1. ## Trigonometric Values

I have the values of Sin, Cos and Tan values of general angles (0,30,45,60,90,120,135,150,180,210.... up till 360)

I know how to get the values of Sin, Cos and Tan until 90 degrees. It'd be easier for me to know how to get the value of these instead of memorizing the huge table. I cant find anything on this except on Wikipedia, but the methods are too complex for my knowledge.

This is in my AS Pure Maths syllabus Edexcel(british examination board)

Any help will be appreciated

2. Originally Posted by Jayanath
I have the values of Sin, Cos and Tan values of general angles (0,30,45,60,90,120,135,150,180,210.... up till 360)

I know how to get the values of Sin, Cos and Tan until 90 degrees. It'd be easier for me to know how to get the value of these instead of memorizing the huge table. I cant find anything on this except on Wikipedia, but the methods are too complex for my knowledge.

This is in my AS Pure Maths syllabus Edexcel(british examination board)

Any help will be appreciated
If you are only interested to know the Sine-values of the angles mentioned above there is the following list:

$\displaystyle (0)~\rightarrow~\sin(0^\circ) = \dfrac12 \sqrt{0}$

$\displaystyle (1)~\rightarrow~\sin(30^\circ) = \dfrac12 \sqrt{1}$

$\displaystyle (2)~\rightarrow~\sin(45^\circ) = \dfrac12 \sqrt{2}$

$\displaystyle (3)~\rightarrow~\sin(60^\circ) = \dfrac12 \sqrt{3}$

$\displaystyle (4)~\rightarrow~\sin(90^\circ) = \dfrac12 \sqrt{4}$

3. Sin is not enough plus i already know how to get those values for Sin Cos and Tan. We can draw the Isosceles triangle and the Equilateral triangle. The we right out the angles 30,60,45 and 90...

Everyone's probably knows this:P But how do you do this if the angles are greater than 90

4. Originally Posted by Jayanath
Sin is not enough plus i already know how to get those values for Sin Cos and Tan. We can draw the Isosceles triangle and the Equilateral triangle. The we right out the angles 30,60,45 and 90...

Everyone's probably knows this:P But how do you do this if the angles are greater than 90
I take Edexcel A2 level maths. I realise the syllabus is slightly different to my year, but i highly doubt you will ever be asked to do this with a value above 90. I've never seen a question involving one and i didn't personally need to learn these values.

If you are allowed a calculator it will usually be able to give you a value in surd form so i would just use that.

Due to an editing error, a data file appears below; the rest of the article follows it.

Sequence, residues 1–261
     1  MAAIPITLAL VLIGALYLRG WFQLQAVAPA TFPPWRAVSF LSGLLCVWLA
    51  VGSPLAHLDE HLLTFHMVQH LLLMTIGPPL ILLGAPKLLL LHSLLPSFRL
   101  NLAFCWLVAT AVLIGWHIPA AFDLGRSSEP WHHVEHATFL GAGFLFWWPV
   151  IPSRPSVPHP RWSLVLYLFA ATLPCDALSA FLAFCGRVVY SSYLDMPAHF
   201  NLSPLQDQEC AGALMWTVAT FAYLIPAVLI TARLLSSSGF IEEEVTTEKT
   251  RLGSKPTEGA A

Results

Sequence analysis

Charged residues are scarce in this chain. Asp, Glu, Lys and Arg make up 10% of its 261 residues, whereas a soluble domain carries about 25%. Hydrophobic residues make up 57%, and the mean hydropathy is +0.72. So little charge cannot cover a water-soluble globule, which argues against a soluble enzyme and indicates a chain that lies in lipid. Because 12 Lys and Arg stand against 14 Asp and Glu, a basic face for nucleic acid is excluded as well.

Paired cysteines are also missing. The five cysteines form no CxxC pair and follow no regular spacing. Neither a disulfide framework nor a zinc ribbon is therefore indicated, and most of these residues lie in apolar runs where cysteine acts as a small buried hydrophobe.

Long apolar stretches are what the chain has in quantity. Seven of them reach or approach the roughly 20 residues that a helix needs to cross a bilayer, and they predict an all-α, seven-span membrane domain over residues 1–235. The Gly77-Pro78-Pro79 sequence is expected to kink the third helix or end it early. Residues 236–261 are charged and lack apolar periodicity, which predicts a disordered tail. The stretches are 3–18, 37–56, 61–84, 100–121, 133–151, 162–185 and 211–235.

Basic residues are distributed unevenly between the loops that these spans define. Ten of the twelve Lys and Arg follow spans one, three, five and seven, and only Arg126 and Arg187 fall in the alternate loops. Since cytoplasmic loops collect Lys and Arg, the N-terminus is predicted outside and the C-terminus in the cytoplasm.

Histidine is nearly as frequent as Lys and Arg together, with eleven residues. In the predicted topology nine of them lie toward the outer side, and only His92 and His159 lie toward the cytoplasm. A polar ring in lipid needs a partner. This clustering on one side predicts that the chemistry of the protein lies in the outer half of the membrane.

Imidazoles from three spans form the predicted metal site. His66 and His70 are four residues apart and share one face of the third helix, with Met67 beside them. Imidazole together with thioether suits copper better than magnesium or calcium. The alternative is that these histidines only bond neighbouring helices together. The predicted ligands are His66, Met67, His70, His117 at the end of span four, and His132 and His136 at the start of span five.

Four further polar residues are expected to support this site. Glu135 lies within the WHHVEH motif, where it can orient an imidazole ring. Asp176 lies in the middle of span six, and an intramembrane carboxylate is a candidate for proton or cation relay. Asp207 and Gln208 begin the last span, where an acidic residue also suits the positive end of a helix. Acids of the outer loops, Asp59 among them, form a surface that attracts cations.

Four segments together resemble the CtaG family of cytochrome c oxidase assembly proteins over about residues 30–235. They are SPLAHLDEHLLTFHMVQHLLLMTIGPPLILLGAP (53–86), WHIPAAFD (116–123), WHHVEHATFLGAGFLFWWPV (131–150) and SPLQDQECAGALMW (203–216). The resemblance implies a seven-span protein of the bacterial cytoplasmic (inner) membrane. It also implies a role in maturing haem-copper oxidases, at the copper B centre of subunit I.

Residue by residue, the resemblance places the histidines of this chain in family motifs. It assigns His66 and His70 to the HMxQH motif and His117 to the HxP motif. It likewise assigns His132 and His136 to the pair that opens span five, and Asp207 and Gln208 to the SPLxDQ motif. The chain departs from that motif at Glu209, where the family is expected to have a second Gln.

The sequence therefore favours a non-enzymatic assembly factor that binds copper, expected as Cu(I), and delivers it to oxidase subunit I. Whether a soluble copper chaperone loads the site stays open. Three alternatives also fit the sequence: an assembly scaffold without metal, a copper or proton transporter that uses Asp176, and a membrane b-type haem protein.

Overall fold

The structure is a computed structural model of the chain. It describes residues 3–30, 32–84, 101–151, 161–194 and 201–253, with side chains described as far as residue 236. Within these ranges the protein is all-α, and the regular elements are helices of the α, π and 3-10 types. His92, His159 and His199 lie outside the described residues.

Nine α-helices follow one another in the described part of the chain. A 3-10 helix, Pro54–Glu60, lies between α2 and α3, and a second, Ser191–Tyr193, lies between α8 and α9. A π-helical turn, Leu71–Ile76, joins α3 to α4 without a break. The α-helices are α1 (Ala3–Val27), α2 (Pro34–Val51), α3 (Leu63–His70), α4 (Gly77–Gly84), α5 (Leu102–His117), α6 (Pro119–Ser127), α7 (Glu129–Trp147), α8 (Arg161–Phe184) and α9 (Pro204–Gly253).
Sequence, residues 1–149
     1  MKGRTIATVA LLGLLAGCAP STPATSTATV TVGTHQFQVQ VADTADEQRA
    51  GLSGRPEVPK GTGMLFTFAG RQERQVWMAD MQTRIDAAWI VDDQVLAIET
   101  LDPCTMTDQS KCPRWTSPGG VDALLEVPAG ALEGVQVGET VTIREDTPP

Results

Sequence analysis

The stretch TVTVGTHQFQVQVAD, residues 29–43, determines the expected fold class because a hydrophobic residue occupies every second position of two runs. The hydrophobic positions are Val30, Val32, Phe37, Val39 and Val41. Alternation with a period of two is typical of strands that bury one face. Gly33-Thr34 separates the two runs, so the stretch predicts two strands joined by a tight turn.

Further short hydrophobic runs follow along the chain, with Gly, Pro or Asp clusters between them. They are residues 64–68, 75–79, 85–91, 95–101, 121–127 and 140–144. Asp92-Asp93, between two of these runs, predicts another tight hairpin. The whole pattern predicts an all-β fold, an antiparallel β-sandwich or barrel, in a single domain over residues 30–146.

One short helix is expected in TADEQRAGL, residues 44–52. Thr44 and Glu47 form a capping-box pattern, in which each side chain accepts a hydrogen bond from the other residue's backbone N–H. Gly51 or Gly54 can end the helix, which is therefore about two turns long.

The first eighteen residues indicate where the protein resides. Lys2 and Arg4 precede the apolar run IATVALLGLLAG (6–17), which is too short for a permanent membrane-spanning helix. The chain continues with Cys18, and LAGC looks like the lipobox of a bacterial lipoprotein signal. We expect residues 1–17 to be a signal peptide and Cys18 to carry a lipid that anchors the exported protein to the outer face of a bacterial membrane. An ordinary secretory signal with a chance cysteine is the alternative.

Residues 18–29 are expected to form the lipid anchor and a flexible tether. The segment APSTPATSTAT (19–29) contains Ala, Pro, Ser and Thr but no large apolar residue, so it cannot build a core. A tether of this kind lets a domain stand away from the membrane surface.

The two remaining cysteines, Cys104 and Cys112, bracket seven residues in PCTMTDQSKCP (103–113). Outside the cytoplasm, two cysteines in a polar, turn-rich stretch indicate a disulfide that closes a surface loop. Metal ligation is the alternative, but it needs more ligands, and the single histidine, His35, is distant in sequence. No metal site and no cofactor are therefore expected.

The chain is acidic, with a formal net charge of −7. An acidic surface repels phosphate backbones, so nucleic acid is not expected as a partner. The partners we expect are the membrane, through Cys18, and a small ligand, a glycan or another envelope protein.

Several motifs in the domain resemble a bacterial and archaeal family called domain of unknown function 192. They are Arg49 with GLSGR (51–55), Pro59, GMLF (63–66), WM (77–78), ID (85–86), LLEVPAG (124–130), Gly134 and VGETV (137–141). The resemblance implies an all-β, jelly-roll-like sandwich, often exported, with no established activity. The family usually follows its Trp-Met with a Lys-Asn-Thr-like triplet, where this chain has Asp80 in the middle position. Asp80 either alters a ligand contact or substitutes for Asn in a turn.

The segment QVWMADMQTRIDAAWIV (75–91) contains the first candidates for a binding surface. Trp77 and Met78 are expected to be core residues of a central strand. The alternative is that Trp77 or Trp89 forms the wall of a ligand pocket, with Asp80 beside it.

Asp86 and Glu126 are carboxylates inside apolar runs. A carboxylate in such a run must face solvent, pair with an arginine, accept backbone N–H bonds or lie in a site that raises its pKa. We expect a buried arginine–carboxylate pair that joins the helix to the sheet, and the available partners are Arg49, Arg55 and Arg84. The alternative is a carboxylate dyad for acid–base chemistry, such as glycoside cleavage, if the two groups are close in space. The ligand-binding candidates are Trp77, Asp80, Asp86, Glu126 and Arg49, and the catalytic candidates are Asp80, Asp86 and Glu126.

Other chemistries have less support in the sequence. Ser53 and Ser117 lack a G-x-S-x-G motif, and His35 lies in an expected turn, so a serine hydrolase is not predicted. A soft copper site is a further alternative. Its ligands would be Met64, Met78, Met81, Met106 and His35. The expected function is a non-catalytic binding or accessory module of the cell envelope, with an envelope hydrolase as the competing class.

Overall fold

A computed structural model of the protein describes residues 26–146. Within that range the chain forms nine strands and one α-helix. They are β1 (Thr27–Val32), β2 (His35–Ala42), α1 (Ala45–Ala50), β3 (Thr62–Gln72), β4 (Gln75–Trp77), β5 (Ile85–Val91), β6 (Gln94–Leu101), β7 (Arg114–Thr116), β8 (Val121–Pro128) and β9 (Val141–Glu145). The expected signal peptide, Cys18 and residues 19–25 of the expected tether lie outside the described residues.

Edit: You could also try splitting the large angle into smaller angles that you know, e.g. 135 = 90 + 45 both of which you know.

5. Originally Posted by Jayanath
Everyone's probably knows this:P But how do you do this if the angles are greater than 90
Two words: reference angles.

Let's say you had an angle of 135 degrees. A reference angle is measured with respect to the x axis. Since the angle falls in the second quadrant, that means our reference angle is 180-135=45 degrees.

So in evaluating the trig functions there, you need to note that:

$\displaystyle \sin\left(135\right)=\sin\left(45\right)$
$\displaystyle \cos\left(135\right)=-\cos\left(45\right)$
$\displaystyle \tan\left(135\right)=-\tan\left(45\right)$
etc...

In general:

If the original angle, $\displaystyle \varphi$, is in the second quadrant [i.e. $\displaystyle 90<\varphi<180~~\left(\tfrac{\pi}{2}<\varphi<\pi\r ight)$], its reference angle is $\displaystyle 180-\varphi$ (or in radians, $\displaystyle \pi-\varphi$). Take note that only sine and cosecant have positive values here!

If the original angle, $\displaystyle \varphi$, is in the third quadrant [i.e. $\displaystyle 180<\varphi<270~~\left(\pi<\varphi<\tfrac{3\pi}{2} \right)$], its reference angle is $\displaystyle \varphi-180$ (or in radians, $\displaystyle \varphi-\pi$). Take note that only tangent and cotangent have positive values here!

If the original angle, $\displaystyle \varphi$, is in the fourth quadrant [i.e. $\displaystyle 270<\varphi<360~~\left(\tfrac{3\pi}{2}<\varphi<2\p i\right)$], its reference angle is $\displaystyle 360-\varphi$ (or in radians, $\displaystyle 2\pi-\varphi$). Tke note that only cosine and secant have positive values here!

Does this make sense?

6. I think I understand what a quadrant is but we haven't studied radians at all. I haven't seen any questions on angles above 90 degrees so I'm guessing no need to worry.
I'm in AS maths and the unit is C1 so we aren't allowed to use a calculator.